The autonomic nervous system (ANS), which composed of sympathetic and parasympathetic (vagal) branches, is crucial in regulating glucose metabolism [15,16,17,18]. Furthermore, the central nervous system (CNS) maintains glucose homeostasis through ANS-mediated control of the metabolically relevant organs including pancreas, liver, gut, skeletal muscle, and brown and white adipose tissues [19, 20]. As a fast-growing neuromodulation technology in the past 30 years, cervical VNS has been proven to be a useful adjunctive therapy across a number of diseases by stimulating the mixed autonomic vagus nerve in the neck. Since the vagus nerve provides an extensive efferent and afferent network of innervation for the organs and glands related to glucose metabolism, whether cervical VNS will affect the patient’s blood glucose level in the treatment of drug-refractory epilepsy is a question worth studying. The most important observation of the present study shows that electrical stimulation of the left cervical vagus nerve, which provides a way to affect the autonomic function and regulate the autonomic tone, induces an elevation in FBG levels in patients with drug-resistant epilepsy. In fact, chronic VNS yields an increase in FBG concentrations in most patients, and consequently, the overall effect of VNS could be noticed. This finding is inconsistent with the results of a previous similar retrospective study, in which the conclusion is that chronic cervical VNS in patients with epilepsy is unlikely to increase blood glucose levels or induce glucose intolerance with frequently used stimulation parameters [21]. Nonetheless, results of the previous study varied widely, and further analysis suggests that stimulation on times longer than 25 s appears to be related to elevation in blood glucose levels, especially if the stimulation off time is shorter than 200 s. In our study, the stimulation on times for all patients was 30 s, and the corresponding results seem to confirm the previous concern that chronic cervical VNS increases blood glucose concentrations to a certain extent. Recently, different VNS methods including different stimulation modes and stimulation locations have been developed and applied to the study of glycemic control in humans. Stimulation mode varied from invasive to non-invasive; stimulation locations include cervical vagus nerve, subdiaphragmatic vagus nerve, and auricular vagus nerve. A pilot study in subjects with impaired glucose tolerance demonstrated transcutaneous auricular VNS (taVNS) significantly reduced 2-h glucose tolerance, which suggests that taVNS may be used as a preventive treatment for pre-diabetes [22]. Stimulating different locations by different stimulation modes (taVNS vs. cervical VNS) may cause activation of different nerve fibers, and therefore have disparate potential effects on glucose metabolism. In a series of studies focusing on electrical stimulation of anterior and posterior intra-abdominal vagal trunks for obese subjects with type 2 diabetes mellitus, vagus nerve blocking significantly decreased glycosylated hemoglobin (HbA1C), and the beneficial effect is sustained at 2-year follow-up period [23,24,25]. In addition, fasting plasma glucose concentrations were also significantly declined due to the effects of VNS. However, in a prospective pilot vagus nerve blockade study on 7 non-diabetic obese subjects, electrical stimulation of intra-abdominal vagal trunks showed no obvious beneficial effect on glucose metabolism, insulin secretion and action, or gastric emptying [26]. Combining the results of the above studies, we speculate that whether VNS affects blood glucose metabolism may have a potential relationship with the subject’s baseline blood glucose levels. In addition to the differences in stimulation mode, stimulation locations, and specific stimulation parameters, the research subjects of the present study are different from those previous related studies. The non-diabetic epileptic patients in our study experienced an elevation in FBG levels after 12-month VNS treatment. This may not be true for patients with diabetes mellitus since VNS may induce changes in appetite, energy regulation as well hormones such as incretins and GLP-1 that are associated with insulin secretion and glucose regulation [23, 24]. Furthermore, long-term increase in FBG concentrations is negatively associated with baseline FBG concentrations, which confirms our speculation and suggests that the effects of VNS on glycemic control are not a simple binary response process.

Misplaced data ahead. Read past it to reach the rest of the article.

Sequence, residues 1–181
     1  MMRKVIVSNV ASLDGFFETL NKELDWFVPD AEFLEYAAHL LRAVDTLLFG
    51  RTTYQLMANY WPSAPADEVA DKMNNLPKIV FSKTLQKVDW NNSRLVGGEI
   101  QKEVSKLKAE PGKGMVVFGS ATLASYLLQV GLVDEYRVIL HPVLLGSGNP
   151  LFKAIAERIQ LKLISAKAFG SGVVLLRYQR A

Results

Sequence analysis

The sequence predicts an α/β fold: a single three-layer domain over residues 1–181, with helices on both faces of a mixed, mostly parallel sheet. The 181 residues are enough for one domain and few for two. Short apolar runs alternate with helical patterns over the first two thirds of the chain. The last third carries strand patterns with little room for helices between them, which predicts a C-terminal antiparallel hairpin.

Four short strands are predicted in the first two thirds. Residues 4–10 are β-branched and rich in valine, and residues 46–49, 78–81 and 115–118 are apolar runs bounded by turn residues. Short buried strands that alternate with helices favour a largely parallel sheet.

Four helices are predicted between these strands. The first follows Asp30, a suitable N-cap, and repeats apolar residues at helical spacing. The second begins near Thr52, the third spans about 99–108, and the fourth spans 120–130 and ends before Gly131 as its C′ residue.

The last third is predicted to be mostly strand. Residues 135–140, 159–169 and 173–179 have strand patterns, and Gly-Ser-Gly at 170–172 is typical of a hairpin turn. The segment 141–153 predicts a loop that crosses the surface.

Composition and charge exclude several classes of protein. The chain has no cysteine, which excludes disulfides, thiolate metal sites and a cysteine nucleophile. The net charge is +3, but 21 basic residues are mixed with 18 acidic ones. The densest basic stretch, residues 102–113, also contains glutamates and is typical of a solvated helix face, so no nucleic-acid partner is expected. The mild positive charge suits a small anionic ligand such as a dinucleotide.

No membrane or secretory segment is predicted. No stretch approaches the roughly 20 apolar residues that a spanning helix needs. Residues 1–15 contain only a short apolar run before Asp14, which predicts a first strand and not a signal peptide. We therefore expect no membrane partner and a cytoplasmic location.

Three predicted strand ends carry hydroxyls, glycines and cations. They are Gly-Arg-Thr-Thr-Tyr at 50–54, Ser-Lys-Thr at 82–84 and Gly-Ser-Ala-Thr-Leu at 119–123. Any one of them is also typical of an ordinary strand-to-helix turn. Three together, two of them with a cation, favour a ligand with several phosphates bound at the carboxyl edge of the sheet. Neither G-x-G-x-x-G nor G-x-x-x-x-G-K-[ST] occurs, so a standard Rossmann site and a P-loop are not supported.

Our clinical observations remain inconsistent with experimental work demonstrating the effects of VNS on glycemic control in animal models. Continuous vagal stimulation was accompanied by a rise in blood glucose concentration and was reported in anesthetized dogs [27, 28]. The data from another early observational study showed that VNS in the dogs produces a moderate increase of glucagon secretion and subsequently increases the arterial glucose levels [29]. It is inferred that the effects of VNS on both the glucagon and insulin are mediated by ganglionic, nicotinic transmission. In a prandial insulin sensitivity study, VNS on fed rats caused an immediate increase in blood glucose levels, whereas a decrease in blood glucose level was observed after atropine administration [10]. However, cervical VNS had no significant effects on blood glucose levels and plasma insulin in fasted rats. In Zucker diabetic fatty rats, taVNS reduced the glucose concentration to a normal level in 7 days and effectively maintained the normal glycemic and plasma HbAlc levels when applied for 5 consecutive weeks [30]. Importantly, the antidiabetic effect of taVNS is related to the triggering of tidal secretion of melatonin. Given the vagus nerve consists of about 80% sensory afferent and 20% motor efferent fibers [31, 32], Meyers et al. demonstrated that selective afferent cervical VNS induces a marked and sustained increase in blood glucose level in anesthetized rats, while selective efferent cervical VNS did increase blood glucose levels temporarily without inhibiting insulin secretion [11]. Likewise, a recent study indicated that efferent vagal stimulation attenuates hyperglycemia in endotoxemia by inducing insulin in fasted mice [33]. However, while combined afferent and efferent cervical VNS impaired glucose tolerance and inhibited glucose-induced insulin secretion in conscious rats [12]. In contrast, cervical VNS of the intact vagus nerve at frequencies of 5 Hz and 14 Hz reduces blood glucose in diabetic rats by enhancing vagal efferent activity and the release of glucagon-like peptide-1, and the effect of intermittent stimulation is more powerful than continuous stimulation [14]. Current results demonstrated that cervical VNS increased FBG concentrations in non-diabetic subjects with commonly used stimulating parameters. These findings suggest that fibers within the cervical vagus nerve may differ in humans and animals, the specific vagus nerve fibers carry metabolic information both ascending to the CNS and descending to glycemic control organs may with different activation levels in animals and humans. While enticing, these data from animals and humans did not address the correspondence between stimulation of vagus nerve fiber subtypes and blood glucose regulation. To this end, specific electrodes and methodologies are needed for a new paradigm of stimulation of target-specific vagus nerve fibers to achieve the purpose of glycemic control.